Approximately 5,451 establishments performed miscellaneous sanitation services in the United States in the early 2010s, according to Dun & Bradstreet. Together these firms employed approximately 49,252 workers and generated annual sales of $4.2 billion. After sanitation services, snowplowing was the largest category in the industry, accounting for 1,805 establishments and $529.7 million in sales in 2009, followed by environmental cleanup with 976 establishments and $1.3 billion in sales; sweeping services (road, airports, parking lots) with 818 establishments and $456.5 million in sales; and toxic or hazardous waste cleanup, with 183 establishments and $400.6 million sales. About 111 establishments specialized in oil spill cleanup, with $383 million in sales in 2009. This figure was expected to increase significantly by the end of 2010 due to the magnitude of the Gulf oil spill.

In the late twentieth century, businesses in this industry benefited from an increased emphasis by commercial property managers on maintenance in order to retain tenants. This, combined with moderate growth in government spending, partially offset increased competition and stagnant prices among sanitary industry participants.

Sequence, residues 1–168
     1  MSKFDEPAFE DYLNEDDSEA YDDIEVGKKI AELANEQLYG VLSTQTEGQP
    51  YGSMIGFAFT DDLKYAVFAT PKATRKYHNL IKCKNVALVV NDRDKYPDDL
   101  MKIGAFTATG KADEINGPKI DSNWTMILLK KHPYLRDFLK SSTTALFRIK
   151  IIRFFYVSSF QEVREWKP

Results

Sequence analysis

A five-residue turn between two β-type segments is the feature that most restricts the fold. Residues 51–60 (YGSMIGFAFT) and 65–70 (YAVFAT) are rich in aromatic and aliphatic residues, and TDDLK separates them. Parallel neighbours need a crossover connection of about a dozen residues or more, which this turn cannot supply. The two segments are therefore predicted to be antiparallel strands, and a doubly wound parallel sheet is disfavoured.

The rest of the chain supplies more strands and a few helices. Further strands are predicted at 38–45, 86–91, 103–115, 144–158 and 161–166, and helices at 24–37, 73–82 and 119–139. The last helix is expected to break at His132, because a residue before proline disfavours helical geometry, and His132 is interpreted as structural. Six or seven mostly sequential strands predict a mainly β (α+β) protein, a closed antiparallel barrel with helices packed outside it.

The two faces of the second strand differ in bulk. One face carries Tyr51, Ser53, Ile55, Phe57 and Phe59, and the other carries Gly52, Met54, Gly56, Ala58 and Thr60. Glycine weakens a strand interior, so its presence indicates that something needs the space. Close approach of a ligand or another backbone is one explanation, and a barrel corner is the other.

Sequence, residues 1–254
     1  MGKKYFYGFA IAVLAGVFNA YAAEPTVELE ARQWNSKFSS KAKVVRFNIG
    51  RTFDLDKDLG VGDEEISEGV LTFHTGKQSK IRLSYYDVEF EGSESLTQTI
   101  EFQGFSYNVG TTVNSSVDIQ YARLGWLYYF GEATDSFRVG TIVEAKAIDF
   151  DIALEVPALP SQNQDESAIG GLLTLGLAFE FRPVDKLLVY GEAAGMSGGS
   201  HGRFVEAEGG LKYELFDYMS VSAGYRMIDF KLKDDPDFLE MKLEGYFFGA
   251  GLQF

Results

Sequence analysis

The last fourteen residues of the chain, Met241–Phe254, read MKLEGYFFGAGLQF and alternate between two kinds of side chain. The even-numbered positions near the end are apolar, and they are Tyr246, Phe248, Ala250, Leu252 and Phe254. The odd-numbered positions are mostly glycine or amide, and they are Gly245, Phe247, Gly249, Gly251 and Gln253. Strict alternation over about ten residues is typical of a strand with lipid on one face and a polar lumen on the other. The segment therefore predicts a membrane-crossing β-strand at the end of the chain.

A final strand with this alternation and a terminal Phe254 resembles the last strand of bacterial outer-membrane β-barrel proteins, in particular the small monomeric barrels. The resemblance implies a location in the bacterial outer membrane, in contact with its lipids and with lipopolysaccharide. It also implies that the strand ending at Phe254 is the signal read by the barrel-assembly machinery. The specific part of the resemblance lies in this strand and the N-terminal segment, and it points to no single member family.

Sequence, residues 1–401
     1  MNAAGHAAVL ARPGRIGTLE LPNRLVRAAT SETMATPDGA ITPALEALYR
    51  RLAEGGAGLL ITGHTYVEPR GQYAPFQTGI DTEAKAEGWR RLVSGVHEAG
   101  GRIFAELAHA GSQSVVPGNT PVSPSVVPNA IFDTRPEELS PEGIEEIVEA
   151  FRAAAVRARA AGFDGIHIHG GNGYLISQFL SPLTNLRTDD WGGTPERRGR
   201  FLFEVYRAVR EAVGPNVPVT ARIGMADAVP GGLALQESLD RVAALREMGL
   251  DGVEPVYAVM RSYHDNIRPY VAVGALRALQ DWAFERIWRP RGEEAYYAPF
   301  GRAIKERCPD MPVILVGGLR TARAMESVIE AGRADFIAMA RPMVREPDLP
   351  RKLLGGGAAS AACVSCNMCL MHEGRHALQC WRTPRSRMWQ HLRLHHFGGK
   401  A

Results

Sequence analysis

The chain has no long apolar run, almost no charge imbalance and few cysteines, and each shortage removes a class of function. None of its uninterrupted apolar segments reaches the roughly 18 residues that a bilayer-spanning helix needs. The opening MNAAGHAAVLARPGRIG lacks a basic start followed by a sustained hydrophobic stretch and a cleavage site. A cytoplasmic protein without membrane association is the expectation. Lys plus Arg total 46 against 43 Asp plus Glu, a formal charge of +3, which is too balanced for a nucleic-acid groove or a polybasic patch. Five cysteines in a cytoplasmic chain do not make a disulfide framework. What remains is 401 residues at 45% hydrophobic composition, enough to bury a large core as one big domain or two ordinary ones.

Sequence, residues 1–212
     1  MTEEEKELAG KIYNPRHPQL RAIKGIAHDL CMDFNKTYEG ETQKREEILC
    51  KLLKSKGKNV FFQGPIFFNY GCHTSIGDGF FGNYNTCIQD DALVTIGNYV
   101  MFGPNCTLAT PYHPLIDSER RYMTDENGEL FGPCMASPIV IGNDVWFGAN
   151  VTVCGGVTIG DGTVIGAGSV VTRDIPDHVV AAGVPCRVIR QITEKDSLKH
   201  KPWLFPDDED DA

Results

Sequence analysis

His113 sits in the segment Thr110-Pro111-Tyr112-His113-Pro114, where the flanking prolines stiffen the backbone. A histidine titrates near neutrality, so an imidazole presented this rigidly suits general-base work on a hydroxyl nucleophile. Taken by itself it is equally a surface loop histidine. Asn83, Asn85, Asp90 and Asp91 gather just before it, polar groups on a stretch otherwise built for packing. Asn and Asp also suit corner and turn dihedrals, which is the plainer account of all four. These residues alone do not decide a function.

Environmental awareness of unhealthy conditions also helped the industry. In 1999, the U.S. Environmental Protection Agency (EPA) began publishing survey results of approximately 935 public beaches that regularly monitor water quality. The EPA's own review of 1,062 coastal beaches and the Great Lakes the previous year indicated that 350 had an advisory or closing. Beach maintenance often was contracted out to private companies but remained a local responsibility. In Hollywood, Florida, for example, the public works division purchased a sanitizer that cleaned the beach sand and redistributed it along its 5 miles of beaches. Each year, crews collected more than 500,000 pounds of litter and 440 cubic yards of shoreline debris.

As the twentieth century neared a close, increasing numbers of Americans were washing with antibacterial soaps, drinking bottled water, employing the latest electronic pest deterrents, and contributing to environmental charities in record amounts. According to a 1999 study released by the American Enterprise Institute, this was with good reason--it found that basic public health measures, including "drinkable water and sanitation services," have the greatest effect on life expectancy.